A British Columbia businesswoman accused of luring a young Tanzanian woman to Canada and forcing her to work as a virtual domestic slave in her multi-million-dollar West Vancouver mansion has been found not guilty of human trafficking.
B.C. Supreme Court Justice Lauri Ann Fenlon said in announcing her decision Friday that the testimony of Mumtaz Ladha’s accuser was simply not credible.
“I wish to emphasize that this is not a case in which I am left with only a reasonable doubt about whether the offences occurred,” Justice Fenlon said.
“I am left, rather, with the conviction that the allegations made by (the complainant) are improbable. On the evidence before me, it appears far more likely that the complainant took advantage of Mr. Ladha’s generosity in order to come to Canada and then took advantage of an opportunity she saw to remain in this country, showing a callous disregard for her benefactor and the truth in the process.”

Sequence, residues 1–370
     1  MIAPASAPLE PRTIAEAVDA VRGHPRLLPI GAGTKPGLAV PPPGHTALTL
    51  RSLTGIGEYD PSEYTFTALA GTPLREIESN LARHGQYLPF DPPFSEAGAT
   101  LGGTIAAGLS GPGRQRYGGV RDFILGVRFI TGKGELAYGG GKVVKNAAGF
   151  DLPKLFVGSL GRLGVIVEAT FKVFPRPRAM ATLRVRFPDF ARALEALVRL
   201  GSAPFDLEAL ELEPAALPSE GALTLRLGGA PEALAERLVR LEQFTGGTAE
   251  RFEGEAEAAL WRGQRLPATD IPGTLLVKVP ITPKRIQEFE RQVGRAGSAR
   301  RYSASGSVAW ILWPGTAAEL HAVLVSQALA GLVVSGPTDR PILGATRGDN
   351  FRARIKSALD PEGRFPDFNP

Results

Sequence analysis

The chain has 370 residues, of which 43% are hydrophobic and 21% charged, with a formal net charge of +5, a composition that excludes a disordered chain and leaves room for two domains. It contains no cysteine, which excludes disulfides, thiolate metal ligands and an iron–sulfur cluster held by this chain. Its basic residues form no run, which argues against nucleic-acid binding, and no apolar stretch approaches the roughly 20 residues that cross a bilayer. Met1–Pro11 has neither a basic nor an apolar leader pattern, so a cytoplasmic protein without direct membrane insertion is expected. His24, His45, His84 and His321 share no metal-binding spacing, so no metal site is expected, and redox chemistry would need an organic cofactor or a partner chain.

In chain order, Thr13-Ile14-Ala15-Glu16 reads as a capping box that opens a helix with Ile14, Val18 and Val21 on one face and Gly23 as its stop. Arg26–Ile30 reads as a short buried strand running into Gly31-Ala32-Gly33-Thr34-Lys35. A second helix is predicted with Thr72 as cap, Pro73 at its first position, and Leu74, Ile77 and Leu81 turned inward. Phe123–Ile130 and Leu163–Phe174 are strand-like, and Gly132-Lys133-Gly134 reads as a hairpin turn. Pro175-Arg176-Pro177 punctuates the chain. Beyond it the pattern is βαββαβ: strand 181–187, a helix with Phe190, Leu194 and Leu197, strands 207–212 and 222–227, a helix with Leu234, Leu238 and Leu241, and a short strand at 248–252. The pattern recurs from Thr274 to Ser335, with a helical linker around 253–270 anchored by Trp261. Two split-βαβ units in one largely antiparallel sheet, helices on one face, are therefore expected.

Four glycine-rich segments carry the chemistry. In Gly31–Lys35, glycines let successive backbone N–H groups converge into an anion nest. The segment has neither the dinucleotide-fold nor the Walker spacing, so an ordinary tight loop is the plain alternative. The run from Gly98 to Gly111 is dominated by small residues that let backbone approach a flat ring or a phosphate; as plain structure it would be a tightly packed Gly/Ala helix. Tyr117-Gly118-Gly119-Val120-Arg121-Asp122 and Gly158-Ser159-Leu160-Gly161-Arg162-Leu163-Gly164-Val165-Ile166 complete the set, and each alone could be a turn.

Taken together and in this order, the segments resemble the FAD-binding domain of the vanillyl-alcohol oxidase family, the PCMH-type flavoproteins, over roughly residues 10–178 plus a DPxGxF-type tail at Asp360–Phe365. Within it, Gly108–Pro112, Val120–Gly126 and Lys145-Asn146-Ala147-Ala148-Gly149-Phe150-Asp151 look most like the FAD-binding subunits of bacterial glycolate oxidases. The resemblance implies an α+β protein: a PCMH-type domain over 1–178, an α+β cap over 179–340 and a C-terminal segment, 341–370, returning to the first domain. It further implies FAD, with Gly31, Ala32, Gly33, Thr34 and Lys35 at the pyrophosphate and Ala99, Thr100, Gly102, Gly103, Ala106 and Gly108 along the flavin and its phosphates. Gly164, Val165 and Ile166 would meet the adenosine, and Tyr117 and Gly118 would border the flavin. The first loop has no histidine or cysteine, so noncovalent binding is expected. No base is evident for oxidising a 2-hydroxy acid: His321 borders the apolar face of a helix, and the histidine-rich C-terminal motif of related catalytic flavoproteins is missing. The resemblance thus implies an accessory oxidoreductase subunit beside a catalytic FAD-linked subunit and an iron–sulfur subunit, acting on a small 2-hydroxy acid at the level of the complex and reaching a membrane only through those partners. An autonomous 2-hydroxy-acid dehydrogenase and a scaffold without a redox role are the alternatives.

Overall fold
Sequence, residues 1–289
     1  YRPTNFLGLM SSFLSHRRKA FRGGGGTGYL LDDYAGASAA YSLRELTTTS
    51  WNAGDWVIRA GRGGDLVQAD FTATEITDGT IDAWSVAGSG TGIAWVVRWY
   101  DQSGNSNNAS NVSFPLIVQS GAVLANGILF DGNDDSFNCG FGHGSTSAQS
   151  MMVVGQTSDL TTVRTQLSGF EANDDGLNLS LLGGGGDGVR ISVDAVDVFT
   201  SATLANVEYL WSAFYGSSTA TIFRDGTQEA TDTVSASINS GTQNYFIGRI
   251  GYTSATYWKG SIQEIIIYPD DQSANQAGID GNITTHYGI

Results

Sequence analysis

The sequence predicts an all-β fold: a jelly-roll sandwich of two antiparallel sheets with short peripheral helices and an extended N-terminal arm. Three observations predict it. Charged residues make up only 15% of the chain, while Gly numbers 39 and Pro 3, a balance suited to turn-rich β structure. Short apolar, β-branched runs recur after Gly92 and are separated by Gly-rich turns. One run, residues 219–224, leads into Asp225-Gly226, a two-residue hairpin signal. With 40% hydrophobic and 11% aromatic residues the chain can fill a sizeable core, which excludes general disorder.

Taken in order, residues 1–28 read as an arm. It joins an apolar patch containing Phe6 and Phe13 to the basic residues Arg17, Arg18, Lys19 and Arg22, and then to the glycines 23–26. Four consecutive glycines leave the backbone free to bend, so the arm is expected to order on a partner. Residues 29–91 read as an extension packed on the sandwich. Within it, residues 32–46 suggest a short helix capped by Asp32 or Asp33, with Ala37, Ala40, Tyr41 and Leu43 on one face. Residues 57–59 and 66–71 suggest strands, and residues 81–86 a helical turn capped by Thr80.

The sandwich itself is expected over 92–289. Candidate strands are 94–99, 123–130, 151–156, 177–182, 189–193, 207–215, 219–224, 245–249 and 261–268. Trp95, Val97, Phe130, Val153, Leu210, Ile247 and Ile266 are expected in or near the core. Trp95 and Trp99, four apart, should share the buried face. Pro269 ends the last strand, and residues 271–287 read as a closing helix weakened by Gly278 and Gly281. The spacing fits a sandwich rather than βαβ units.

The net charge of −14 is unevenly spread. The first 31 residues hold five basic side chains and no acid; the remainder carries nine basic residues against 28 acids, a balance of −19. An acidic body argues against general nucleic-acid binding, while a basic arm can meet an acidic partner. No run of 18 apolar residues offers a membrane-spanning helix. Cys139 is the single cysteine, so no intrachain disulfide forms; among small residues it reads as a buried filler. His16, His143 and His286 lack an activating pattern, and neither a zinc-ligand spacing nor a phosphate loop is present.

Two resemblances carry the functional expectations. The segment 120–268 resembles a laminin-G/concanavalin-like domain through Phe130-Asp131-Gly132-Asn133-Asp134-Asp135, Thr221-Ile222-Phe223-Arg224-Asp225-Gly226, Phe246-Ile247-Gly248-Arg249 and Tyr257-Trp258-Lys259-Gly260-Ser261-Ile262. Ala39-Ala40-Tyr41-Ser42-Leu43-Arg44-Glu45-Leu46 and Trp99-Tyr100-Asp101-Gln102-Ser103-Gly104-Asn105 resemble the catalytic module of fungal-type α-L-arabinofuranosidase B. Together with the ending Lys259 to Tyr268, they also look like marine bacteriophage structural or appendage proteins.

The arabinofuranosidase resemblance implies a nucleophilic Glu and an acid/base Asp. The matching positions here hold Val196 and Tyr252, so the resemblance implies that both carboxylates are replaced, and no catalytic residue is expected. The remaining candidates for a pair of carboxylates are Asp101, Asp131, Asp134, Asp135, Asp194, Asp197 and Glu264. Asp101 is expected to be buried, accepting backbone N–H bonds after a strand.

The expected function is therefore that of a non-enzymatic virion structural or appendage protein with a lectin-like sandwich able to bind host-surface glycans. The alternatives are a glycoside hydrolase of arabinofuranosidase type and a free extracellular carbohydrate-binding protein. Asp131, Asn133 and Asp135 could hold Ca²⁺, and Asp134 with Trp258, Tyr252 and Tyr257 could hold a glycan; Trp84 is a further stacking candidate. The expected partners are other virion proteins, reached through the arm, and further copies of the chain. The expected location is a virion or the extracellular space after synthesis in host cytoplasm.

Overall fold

The verdict brought to a close a process that began more than four years ago when the complainant went to police. Richard Peck Q.C., Eric Gottardi, and Tony Paisana made up Mrs. Ladha’s legal team.